The first set of options are to set the Locale, whether the file is in Unicode format and what Code Page to use. In practice you are unlikely to change these options very often, unless data is coming from a country other than your own.

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Fig 2: More of the General Tab of the Flat File Connection Manager

Below the dividing line come the basic file information settings. The most important of these is the Format. Your options are:

  • Delimited – most common, where each column is separated by a character such as a comma (CSV), Tab or Space
  • Fixed Width – common from mainframes – a file where each column width is a fixed number of characters
  • Ragged Right – the same as fixed width except the last column which will terminate with a carriage return at the end of the data item (read how I learned this the hard way)

The next set of options are

  • Text Qualifier – a symbol that encloses text strings – commonly a double quote (“) – needed when your text strings may contain the delimiter character – only for Delimited Format files
  • Header row delimiter – The end of line delimiter in the header rows
  • Header rows to skip – Number of rows to skip before attempting to read in data. Useful if the text file has rows of header data which is of no relevance to the data flow.
  • Column names in the first data row – Checkbox to indicate if the first row has the column names in it. If present the connection manager will map these names in the next tab

The Columns Tab

This tab behaves differently depending on whether you selected Delimited or Fixed Width / Ragged Right in the General Tab.

Fig 3: The Columns Tab of the Flat File Connection Manager for Delimited Files
Fig 3: The Columns Tab of the Flat File Connection Manager for Delimited Files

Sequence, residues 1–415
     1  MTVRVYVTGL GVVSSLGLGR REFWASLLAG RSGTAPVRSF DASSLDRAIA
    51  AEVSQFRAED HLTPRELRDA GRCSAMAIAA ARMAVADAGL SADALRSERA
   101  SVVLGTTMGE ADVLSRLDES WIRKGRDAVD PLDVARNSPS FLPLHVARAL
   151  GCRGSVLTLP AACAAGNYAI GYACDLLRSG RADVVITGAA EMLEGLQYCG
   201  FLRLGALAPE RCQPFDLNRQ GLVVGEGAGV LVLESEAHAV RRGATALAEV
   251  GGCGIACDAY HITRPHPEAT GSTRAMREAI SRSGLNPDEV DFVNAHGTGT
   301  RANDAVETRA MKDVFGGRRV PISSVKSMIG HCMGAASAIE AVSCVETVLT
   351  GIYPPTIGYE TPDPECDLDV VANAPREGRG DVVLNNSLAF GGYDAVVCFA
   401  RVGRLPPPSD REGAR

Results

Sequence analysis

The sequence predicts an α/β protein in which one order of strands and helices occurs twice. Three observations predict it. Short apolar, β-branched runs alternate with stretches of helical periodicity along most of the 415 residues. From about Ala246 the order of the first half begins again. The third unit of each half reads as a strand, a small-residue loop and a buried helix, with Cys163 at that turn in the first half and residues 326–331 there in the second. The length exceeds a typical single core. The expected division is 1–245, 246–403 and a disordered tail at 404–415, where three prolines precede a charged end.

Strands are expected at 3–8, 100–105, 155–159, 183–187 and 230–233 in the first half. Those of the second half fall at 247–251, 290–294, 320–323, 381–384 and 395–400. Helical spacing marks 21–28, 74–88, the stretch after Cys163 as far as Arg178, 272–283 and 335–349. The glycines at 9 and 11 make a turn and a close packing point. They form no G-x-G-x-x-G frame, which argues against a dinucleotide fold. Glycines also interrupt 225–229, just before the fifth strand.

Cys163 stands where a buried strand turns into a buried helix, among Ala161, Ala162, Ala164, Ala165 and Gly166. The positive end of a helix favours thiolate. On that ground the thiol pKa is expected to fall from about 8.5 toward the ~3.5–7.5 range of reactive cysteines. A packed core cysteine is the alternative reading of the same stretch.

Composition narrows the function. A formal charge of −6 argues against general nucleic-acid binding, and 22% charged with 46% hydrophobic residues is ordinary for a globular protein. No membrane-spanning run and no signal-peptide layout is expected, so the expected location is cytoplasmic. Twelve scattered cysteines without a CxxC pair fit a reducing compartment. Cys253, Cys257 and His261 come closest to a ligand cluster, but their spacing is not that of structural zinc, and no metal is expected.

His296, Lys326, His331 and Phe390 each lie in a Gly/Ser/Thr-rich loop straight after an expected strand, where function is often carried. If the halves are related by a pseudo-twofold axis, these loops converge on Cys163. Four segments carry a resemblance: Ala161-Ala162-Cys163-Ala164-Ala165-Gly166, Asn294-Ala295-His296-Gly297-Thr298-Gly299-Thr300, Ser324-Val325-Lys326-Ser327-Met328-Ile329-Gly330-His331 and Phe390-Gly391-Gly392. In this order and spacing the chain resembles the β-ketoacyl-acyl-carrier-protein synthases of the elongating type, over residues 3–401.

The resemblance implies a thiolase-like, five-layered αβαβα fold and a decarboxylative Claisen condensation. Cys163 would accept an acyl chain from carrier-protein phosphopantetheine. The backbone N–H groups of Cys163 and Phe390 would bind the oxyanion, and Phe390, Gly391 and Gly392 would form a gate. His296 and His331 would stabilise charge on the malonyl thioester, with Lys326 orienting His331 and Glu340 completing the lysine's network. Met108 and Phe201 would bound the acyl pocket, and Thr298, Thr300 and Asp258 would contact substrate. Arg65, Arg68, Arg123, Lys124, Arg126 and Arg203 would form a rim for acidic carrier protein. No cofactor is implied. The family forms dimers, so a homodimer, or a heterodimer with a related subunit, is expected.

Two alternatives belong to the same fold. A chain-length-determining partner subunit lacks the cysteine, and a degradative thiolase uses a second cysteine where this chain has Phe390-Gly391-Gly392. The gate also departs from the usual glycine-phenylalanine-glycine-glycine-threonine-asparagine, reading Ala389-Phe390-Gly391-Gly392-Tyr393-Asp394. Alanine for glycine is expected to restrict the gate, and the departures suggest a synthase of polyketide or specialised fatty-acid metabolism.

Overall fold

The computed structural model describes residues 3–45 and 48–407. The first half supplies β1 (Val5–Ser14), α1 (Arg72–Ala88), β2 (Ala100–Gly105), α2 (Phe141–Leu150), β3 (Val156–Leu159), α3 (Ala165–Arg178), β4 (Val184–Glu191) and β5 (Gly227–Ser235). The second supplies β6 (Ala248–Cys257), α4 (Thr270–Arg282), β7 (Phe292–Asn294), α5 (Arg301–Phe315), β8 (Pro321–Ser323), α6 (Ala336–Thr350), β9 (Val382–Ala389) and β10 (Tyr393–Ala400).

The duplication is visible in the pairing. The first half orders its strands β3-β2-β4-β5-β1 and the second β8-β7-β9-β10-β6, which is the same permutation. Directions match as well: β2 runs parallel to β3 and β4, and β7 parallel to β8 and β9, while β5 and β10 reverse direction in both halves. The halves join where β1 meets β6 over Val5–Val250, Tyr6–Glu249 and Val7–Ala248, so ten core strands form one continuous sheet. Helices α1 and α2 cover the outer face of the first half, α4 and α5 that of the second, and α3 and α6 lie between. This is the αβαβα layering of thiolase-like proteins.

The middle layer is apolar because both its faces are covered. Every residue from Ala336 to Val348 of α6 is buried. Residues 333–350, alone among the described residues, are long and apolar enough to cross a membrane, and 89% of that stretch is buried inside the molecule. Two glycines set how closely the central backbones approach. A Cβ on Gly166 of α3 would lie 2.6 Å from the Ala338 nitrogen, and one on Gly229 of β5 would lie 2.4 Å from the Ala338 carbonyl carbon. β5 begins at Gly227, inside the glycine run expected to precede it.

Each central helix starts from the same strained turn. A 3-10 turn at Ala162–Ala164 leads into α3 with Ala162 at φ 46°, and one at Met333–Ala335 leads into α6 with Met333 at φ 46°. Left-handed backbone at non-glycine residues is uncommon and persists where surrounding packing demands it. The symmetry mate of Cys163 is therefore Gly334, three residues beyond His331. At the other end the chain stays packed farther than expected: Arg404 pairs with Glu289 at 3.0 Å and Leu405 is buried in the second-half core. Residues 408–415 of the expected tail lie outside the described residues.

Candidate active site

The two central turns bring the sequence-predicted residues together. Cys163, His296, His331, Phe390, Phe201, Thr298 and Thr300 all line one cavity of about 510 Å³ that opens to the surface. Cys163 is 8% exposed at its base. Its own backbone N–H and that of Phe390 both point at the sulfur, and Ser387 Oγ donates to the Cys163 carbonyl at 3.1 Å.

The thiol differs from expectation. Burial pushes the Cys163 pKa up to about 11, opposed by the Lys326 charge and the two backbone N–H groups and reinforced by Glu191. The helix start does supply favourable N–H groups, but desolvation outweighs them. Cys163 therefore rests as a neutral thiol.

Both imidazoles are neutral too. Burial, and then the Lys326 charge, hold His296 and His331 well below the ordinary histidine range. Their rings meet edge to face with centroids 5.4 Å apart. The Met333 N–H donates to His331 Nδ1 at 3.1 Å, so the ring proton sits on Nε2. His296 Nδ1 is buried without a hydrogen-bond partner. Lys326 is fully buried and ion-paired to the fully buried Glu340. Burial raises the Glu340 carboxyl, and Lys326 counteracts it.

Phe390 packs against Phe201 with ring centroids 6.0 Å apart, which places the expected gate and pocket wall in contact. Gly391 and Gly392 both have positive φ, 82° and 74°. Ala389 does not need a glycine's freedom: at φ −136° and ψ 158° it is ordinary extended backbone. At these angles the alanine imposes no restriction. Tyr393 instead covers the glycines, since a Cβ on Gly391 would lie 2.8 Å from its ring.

If you are loading a delimited file, the tab gives you the option to specify the Row Delimiter (i.e. the end of row character) and the Column Delimiter (the character that separates data items). If you have these set correctly, a preview will be displayed showing a few rows of sample data, as below:

Fig 4:The Columns Tab of the Flat File Connection Manager for Fixed Width Files
Fig 4:The Columns Tab of the Flat File Connection Manager for Fixed Width Files

If you are loading a Fixed Width or Ragged Right file, you will be presented with a screen where you manually set the columns. For Fixed Width, you first need to set the overall row width – this can be done either by dragging the red line which marks the end of a row in the GUI, or entering the Row width in the text box below the GUI. For Ragged Right the end of line is identified by the Row Delimiter character and does not need to be manually set in the GUI. The data should then start looking like rows of data. To then set each column click and place a black line (which is draggable) to mark where each column starts / ends. For a big file this can be a pain, so you can skip this and set it in the Advanced tab if you have the file definition to hand, which I will cover in the next section.

The Advanced Tab

Again, this tab has different options depending on the file type selected.

Fig 5: The Advanced Tab of the Flat File Connection Manager
Fig 5: The Advanced Tab of the Flat File Connection Manager

If a Delimited file type is selected, you will able to set the following properties:

  • Name – the column name